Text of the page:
year, then doubled it again the next year, and the year after. The country
had virtually no solar industry in 2003; five years later, it was manufacturing
more solar cells than any other country, winning customers from foreign companies
that had invented the technology in the first place. As President Hu Jintao,
a political heir of Deng Xiaoping, put it in October of this year, China must
seize preëmptive opportunities in the new round of the global energy
A China born
again green can be hard to imagine, especially for people who live here. After
four years in Beijing, Ive learned how to gauge the pollution before
I open the curtains; by dawn on the smoggiest days, the lungs ache. The city
government does not dwell on the details; its daily air-quality measurement
does not even tally the tiniest particles of pollution, which are the most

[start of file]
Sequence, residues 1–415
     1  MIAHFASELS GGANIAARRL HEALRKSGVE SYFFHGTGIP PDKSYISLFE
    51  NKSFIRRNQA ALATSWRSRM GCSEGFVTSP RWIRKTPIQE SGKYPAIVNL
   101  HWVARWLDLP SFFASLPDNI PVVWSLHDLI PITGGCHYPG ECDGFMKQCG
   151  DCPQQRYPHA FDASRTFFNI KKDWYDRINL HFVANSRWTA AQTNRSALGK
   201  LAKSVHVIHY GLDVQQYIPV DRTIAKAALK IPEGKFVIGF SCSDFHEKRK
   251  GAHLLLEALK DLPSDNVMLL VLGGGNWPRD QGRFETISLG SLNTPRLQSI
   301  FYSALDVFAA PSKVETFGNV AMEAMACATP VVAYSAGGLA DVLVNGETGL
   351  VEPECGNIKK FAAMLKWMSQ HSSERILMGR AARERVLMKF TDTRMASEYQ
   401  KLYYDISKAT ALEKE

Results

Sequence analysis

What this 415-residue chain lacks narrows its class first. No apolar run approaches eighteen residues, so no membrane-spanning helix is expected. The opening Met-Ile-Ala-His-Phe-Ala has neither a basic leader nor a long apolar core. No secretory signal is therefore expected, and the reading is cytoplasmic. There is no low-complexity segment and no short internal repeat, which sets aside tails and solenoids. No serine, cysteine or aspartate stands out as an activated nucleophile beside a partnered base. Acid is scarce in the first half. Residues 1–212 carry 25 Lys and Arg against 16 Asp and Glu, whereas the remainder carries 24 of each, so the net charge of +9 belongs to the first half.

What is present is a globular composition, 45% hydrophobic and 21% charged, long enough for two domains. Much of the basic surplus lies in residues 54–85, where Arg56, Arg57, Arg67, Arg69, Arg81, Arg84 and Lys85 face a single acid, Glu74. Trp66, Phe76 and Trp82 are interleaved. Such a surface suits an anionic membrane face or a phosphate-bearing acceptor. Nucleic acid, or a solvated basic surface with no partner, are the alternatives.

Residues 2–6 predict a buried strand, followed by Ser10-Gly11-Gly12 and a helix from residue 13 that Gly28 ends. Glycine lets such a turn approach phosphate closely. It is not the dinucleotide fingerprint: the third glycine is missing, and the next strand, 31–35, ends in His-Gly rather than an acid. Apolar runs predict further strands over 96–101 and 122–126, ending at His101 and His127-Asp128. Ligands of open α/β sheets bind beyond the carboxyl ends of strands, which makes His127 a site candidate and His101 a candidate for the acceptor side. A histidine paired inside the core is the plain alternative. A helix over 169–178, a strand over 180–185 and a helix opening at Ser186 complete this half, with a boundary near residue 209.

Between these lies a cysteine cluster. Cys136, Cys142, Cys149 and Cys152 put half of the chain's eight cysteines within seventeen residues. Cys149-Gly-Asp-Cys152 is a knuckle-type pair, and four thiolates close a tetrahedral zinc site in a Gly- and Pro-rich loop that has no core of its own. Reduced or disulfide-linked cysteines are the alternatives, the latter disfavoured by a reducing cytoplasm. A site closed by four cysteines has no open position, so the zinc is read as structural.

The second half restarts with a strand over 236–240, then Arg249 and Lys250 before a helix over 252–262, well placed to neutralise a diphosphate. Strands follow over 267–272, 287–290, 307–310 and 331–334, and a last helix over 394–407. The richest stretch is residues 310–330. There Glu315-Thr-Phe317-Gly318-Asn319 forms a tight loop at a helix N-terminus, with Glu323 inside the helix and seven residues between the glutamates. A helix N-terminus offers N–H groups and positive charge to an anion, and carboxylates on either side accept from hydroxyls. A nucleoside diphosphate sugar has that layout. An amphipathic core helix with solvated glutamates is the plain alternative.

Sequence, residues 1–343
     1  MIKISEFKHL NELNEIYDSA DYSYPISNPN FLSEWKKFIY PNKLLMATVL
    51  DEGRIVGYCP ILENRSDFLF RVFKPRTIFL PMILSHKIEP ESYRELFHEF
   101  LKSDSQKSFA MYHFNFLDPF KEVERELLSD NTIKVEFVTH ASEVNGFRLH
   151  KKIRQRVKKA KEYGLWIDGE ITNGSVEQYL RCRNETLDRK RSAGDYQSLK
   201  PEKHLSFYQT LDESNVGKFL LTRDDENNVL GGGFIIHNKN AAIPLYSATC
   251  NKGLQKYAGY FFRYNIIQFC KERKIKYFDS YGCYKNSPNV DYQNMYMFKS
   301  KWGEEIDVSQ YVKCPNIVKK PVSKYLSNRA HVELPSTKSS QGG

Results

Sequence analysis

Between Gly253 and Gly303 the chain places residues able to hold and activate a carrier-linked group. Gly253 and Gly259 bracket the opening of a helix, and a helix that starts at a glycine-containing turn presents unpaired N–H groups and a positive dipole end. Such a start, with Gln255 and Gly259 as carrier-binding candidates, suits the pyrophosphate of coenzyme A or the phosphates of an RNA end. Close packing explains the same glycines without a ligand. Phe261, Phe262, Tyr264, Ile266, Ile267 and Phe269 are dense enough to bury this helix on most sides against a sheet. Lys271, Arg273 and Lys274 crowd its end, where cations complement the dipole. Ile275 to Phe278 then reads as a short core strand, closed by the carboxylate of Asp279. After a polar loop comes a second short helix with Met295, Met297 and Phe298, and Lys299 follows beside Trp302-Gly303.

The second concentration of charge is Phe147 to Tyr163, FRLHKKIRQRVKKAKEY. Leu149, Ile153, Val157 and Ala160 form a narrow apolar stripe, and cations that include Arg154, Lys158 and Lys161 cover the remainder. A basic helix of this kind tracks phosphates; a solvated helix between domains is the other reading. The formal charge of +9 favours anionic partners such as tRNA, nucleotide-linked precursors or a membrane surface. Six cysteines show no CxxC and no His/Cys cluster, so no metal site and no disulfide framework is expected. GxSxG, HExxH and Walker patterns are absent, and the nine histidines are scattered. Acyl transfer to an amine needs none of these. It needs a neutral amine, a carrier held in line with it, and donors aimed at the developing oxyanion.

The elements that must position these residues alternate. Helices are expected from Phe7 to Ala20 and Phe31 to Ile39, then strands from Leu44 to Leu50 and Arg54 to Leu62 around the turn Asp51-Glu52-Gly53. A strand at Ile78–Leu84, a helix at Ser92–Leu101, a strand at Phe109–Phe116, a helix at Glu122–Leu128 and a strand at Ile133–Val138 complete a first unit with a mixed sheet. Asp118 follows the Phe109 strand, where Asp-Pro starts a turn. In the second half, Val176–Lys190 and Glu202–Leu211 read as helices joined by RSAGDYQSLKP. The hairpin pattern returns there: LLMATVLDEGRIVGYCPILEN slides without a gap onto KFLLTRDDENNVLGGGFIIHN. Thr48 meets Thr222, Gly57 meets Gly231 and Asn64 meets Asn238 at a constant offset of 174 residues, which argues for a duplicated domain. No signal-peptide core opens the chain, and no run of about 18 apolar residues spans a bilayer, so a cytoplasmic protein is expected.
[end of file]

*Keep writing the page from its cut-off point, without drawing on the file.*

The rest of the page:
damaging to the respiratory system. Last year, the U.S. Embassy installed
an air monitor on the roof of one of its buildings, and every hour it posts
the results to a Twitter feed, with a score ranging from 1, which is the cleanest
air, to 500, the dirtiest. American cities consider anything above 100 to
be unhealthy. The rare times in which an American city has scored above 300
have been in the midst of forest fires. In these cases, the government puts
out public-health notices warning that the air is hazardous and
that everyone should avoid all physical activity outdoors. As
I type this in Beijing, the Embassys air monitor says that todays
score is 500.
China is so
bigand is growing so fastthat in 2006 it passed the United States
to become the worlds largest producer of greenhouse gases. If Chinas
emissions keep climbing as they have for the past thirty years, the country
will emit more of those gases in the next thirty years than the United States
has in its entire history. So the question is no longer whether China is equipped
to play a role in combating climate change but how that role will affect other